St. Ambrose University in Davenport, Iowa, inaugurated a new prayer space for Muslim students this week, co-designed by the Saudi Student Association.
The new prayer space, which is equipped with sinks for ritual foot-washing and separate areas for male and female worshippers, was built in memory of Father Joe DeFrancisco, a professor of comparative religions who died last July at the age of 69.
The school said that the prayer room was named in honor of the priest “as an acknowledgment of his efforts to promote the universality of faiths throughout a 27-year career as a St. Ambrose professor of Theology.”
According to senior Student Government Association President Matthew Mahoney, the idea for a dedicated Islamic prayer space began with a suggestion by DeFrancisco himself, who felt that Muslim students “didn’t really have a substantial enough prayer rooms on campus.”
“This is a truly appropriate way to honor Fr. Joe,” said Sister Joan Lescinski, president of the college. “His openness to all members of the Quad Cities faith community was a living example of the Catholic Intellectual Tradition.”
“Former students still talk about the impact visits to temples and mosques had on them as members of his Comparative Religions class,” she added.
“Being able to say that we’re committed to these Muslim students, and to all students—students of all different faiths—is really outstanding,” Mahoney said.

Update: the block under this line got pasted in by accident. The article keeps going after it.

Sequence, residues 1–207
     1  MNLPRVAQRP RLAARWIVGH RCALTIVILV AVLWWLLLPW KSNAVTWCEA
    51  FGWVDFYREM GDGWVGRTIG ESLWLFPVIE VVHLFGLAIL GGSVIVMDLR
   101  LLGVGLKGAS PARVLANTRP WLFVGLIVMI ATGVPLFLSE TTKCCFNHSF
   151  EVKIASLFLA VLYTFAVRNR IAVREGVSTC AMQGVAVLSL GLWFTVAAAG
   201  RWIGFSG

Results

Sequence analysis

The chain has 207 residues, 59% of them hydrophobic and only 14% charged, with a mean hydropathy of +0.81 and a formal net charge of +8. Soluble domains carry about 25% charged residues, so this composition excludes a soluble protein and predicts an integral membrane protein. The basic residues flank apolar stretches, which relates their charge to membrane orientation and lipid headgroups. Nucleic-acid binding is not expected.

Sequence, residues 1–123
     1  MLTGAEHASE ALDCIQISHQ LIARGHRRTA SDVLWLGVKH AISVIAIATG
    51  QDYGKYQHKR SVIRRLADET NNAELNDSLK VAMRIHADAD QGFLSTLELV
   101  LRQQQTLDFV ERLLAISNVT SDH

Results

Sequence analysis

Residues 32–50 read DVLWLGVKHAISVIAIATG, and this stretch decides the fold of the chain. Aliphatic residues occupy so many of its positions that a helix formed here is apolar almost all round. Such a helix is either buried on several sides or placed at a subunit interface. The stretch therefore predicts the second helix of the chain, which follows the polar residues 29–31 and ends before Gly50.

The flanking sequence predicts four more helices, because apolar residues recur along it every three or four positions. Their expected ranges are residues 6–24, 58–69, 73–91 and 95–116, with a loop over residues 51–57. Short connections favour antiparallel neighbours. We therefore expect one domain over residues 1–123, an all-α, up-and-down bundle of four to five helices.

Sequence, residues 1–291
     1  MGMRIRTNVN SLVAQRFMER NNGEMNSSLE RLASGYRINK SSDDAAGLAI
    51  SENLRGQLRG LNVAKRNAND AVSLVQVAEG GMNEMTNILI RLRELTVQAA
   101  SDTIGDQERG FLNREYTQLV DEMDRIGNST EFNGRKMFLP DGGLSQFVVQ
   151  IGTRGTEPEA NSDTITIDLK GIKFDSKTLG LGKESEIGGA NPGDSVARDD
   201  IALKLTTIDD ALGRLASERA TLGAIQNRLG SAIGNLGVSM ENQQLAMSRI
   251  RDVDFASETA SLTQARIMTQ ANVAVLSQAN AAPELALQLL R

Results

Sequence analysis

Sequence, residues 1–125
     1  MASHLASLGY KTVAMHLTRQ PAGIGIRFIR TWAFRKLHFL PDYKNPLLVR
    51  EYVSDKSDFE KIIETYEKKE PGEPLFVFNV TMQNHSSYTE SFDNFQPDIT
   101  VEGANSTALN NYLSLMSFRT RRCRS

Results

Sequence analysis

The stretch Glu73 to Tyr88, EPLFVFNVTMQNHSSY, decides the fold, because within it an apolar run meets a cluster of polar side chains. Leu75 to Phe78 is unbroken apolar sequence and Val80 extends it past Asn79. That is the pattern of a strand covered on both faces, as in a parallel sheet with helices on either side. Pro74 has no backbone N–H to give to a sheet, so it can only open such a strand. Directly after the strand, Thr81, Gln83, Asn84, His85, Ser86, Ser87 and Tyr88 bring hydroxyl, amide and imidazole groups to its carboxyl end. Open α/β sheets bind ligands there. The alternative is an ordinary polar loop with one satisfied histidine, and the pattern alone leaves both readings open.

“It’s uniquely Ambrosian, and it just sort of shows our commitment to all different faiths.”
While praised by many for its open-mindedness, the school’s decision to open a Muslim prayer space did not sit well with all Catholic observers, some of whom claimed that the move effectively waters down the college’s Catholic identity and mission.
Writing for the Daily Wire, Paul Bois said that “it seems counter to a Catholic school’s mission statement to provide sex-segregated ‘safe spaces’ for Muslim students to conduct prayer.”
Offering a dedicated Muslim prayer space basically turns the school into “a secular institution with a crucifix on it,” Bois wrote. “Either it’s teaching students to become better Catholics or it’s teaching students to become good millennials; it can’t do both.”
While in theory the space is open to students of all religions, the university explained that the facility “is built to suit the specific needs of students of the Islamic faith.”
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